The Corona pandemic has changed the holiday plans of many. Regional destinations instead of palm islands – sustainable trend or short-term emergency solution? What does the change in travel behavior mean for the tourism industry and the environment?
Corona pandemic has changed our lives in almost all areas – including travel behavior. If many people were drawn to faraway countries before Corona, most of them will choose a nearby holiday destination this year, ideally one that can be reached without a plane. This is impressively demonstrated by the number of new registrations of motorhomes in Germany in May 2020: up by 29 % compared to the same month last year.
Is this performance only due to the special Corona situation? Will long-distance travelers such as the Americans, Chinese, British and French soon be flying around the world again as they did before Covid-19 erupted? Or will the trend emerging here change the industry forever?
There are tourism experts who believe that we are only in an intermediate phase and that travel behavior will quickly return to its former level once the pandemic is over. They compare the corona shock with the slumps caused by one-time traumatic events such as the terrorist attacks of September 11.
No Long Distance Travel This Year
The Corona crisis is not a one-off event, however – it continues. Never before have we found ourselves in a situation like this. As long as no vaccine or effective drug against Covid-19 has been found, the current travel behavior of people is unlikely to change.
In the current situation, many people are reluctant to face the possible risks of travelling to more distant countries. Health care is not always at the same level and the news is too volatile. Therefore, due to the risk of a second wave of corona infections, regional tourism will remain the preferred holiday option this year, even after the further easing of travel restrictions.
The End of the Cruise Industry?
This has already had a huge impact on airlines. Airlines such as Lufthansa or Air France have had to accept state aid, and the consolidation of the sector is likely to continue. Although short-haul leisure travel should recover in the medium term, the sector is still in the process of consolidating. However, it will remain difficult to find providers who specialize in long-haul flights.
The cruise industry will be hit particularly hard: it will take several years before the revenues of 2019 can be reached again. The industry has traditionally had high investment costs, and at the same time revenues collapsed. The companies still have reserves. But a second corona wave would have disastrous consequences for operators and could lead to the decline of the entire industry. This is also reflected in the share prices of cruise ship companies, which have collapsed by up to 75 %.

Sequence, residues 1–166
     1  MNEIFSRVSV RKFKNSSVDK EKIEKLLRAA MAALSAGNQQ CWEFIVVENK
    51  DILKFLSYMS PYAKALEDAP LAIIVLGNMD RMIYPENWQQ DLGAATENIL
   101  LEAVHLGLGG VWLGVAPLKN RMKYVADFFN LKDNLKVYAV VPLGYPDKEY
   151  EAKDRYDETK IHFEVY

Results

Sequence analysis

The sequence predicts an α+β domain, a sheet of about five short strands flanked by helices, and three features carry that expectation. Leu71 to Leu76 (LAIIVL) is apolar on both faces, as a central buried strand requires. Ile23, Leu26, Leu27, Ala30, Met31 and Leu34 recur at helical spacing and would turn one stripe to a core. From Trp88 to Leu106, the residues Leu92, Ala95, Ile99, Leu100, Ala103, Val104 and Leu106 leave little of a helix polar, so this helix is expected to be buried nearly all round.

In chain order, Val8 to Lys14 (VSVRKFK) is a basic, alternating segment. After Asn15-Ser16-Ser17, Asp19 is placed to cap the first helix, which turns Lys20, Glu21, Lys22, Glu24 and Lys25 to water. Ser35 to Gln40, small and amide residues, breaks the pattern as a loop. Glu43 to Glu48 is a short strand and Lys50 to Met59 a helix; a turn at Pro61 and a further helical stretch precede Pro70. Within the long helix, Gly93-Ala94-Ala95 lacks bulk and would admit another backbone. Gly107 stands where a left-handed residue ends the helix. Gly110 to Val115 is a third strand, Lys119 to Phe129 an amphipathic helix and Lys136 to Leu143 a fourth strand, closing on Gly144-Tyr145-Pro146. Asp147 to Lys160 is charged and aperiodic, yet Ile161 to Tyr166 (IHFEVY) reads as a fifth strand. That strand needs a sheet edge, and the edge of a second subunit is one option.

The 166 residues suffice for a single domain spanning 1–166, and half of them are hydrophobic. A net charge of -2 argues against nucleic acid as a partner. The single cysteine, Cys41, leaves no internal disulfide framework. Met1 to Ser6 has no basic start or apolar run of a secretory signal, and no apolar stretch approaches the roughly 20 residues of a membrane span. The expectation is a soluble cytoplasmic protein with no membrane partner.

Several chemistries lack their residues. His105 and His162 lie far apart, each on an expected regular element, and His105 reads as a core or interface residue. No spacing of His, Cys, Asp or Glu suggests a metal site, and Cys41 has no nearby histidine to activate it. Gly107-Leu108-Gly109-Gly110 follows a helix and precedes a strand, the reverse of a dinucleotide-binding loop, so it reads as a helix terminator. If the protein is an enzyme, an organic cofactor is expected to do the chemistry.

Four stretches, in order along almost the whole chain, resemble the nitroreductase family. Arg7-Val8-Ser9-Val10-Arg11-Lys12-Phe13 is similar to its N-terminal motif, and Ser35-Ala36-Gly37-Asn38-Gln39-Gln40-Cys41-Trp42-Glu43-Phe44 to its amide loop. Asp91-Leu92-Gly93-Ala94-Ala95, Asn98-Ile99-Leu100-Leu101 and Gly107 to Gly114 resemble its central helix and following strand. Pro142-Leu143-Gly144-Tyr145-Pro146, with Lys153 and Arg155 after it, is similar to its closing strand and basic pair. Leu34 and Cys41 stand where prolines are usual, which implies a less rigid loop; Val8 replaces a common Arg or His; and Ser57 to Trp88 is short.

Who Benefits from a Change in Travel Behavior
However, one man’s suffering is another man’s joy – in this case not only those of the bicycle and caravan manufacturers as well as the regional holiday providers but also those of the climate. Since emission-intensive travel such as cruises and long-distance travel by plane decreased during the Corona pandemic, CO2 emissions have fallen significantly. For example, an international research team reported in the trade journal “Nature Climate Change” that global CO2 emissions at the beginning of April were around 17 % lower than in the previous year. Aviation had even emitted around 60 % less CO2 than the average for the previous year.
Corona Accelerates Changes in Tourism
Such a drastic reduction will certainly not be permanent, as the “lockdown” measures of many governments are now being gradually eased. But it would already make a significant difference if only a part of the population were to adjust their travel behavior.
Moreover, temporarily giving up long-distance travel could lead people to discover the attractions of closer destinations: shorter journeys, lower costs, more flexibility and independence, for example when travelling by car, motorhome or bicycle. In the medium to long term, this could lead to a change in travel behavior – people may no longer take a long-distance trip every year.
This is also supported by the results of a study published in the European Journal of Social Psychology. According to the study, it takes between 18 and 254 days for people to establish a habit. The corona crisis will last longer and change consumer and travel behavior in the long term. This does not mean that from now on everyone will only travel by car or train – but in the medium to long term preferences are likely to shift.
What’s more, this trend was not caused by the corona pandemic – it was already apparent before. Even before the crisis, people began to question mass consumption and travel behavior, often driven by cheap prices; the term “flight shame” was first used in a Swedish newspaper in 2018. Corona accelerates this change. The goal should not be to abandon consumption at the expense of growth but to strive for qualitatively better growth that is largely decoupled from CO2 emissions. A trend towards regional tourism could certainly help here.